Brian D’Souza’s 2012 debut Future Rhythm Machine was recently nominated for Scottish Album of The Year, and D’Souza’s club-night Highlife has sought to bring elements of this global musical diaspora to UK audiences in a way that works in constant, open dialogue with the World music terminology. Ahead of the first London Highlife event at Corsica Studios this Saturday alongside the Huntleys & Palmers label, Fact speaks to Auntie Flo about some of the issues raised by World music.
What’s always struck me about World music is that the marketing agenda and critical rhetoric surrounding the term were one in the same. PR companies and labels wanted a way to promote music in a way that was open enough to encompass lots of styles – but not so broad that it included Western Anglophone music – and those who went onto discuss it as such saw the umbrella grouping together as a positive thing, rather than being wary of or openly opposed to it.
Yes, that’s true, but I suppose the other thing to consider is that the music buying experience in 1987 seemed a lot more simplified than in 2013. You just didn’t get the sub-genres of sub-genres which you get now. In record stores pop and rock could be placed together as most pop was rock, and not the hip hop/dance/rock hybrid we have today for example. I think we have to accept that we live in a capitalist society and therefore everything is market driven. If using World music helps shift more units, then we just have to accept that. If by using this terminology more people are going to get exposure to different musical cultures, different languages, races, then I’m all for it.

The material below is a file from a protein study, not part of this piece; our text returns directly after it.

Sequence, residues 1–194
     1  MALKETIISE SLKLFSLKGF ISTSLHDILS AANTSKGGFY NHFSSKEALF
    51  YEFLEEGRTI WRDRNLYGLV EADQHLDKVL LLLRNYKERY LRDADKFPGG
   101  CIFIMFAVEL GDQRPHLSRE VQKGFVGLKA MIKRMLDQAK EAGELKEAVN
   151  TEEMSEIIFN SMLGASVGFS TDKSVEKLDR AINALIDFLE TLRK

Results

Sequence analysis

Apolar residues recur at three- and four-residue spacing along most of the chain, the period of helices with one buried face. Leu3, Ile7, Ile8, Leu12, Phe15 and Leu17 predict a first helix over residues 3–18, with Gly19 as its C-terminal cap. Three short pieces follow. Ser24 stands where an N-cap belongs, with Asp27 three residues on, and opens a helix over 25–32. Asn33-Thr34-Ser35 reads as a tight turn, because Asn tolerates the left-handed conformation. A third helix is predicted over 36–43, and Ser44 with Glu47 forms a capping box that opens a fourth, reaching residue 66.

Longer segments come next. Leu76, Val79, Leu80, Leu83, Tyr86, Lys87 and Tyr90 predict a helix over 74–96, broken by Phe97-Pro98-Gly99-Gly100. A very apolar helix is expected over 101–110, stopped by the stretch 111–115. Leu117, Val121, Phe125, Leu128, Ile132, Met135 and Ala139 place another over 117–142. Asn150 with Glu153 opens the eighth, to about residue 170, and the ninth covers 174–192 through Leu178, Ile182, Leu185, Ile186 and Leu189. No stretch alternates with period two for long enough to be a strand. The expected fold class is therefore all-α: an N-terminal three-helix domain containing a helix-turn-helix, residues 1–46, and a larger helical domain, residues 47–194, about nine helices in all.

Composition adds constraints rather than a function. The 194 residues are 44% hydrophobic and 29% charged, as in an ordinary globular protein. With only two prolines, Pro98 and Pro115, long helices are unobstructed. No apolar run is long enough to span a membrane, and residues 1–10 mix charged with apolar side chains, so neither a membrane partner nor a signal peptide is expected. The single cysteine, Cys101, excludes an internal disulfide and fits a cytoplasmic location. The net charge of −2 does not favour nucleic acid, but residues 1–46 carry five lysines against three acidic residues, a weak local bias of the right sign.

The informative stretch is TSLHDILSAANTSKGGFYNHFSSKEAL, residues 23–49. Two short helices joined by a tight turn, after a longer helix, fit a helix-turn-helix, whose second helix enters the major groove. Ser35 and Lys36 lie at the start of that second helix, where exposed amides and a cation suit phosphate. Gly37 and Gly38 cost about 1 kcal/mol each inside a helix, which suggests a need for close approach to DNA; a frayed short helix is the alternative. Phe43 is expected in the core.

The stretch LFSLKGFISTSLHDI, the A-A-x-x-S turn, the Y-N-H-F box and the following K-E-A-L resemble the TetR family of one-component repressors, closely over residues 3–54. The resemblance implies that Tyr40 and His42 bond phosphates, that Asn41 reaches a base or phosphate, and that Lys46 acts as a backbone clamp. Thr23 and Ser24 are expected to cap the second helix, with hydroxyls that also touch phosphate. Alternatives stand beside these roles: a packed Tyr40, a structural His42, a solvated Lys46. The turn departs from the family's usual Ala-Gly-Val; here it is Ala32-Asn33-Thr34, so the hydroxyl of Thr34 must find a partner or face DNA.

Was the “world music” term a necessary evil to expose the average listener to different types of world from around the world?
That’s understandable given the terms staying power, but there’s still the issue of how this process of identification impacts on how we relate to the cultures that these artists and their music come from. The music doesn’t exist in a marketing bubble. Do you feel the language that surrounds World music needs develop in a new way so that this can become a more open and contentious discourse?
I reckon it all says a lot more about Western culture than the marketing itself. I mean, the marketers only react as best they see fit to help sell more units. They came up with World music because they thought the demographic of the market who would buy an African release would also be interested in a Latin American release, and therefore they would sell more if marketed together. I think this was a clever move and is probably true to a large extent for the record buying public from the US or Europe. As with all marketing it bent the truth a little, homogenised the genre but ultimately made it more palatable for the average record buyer.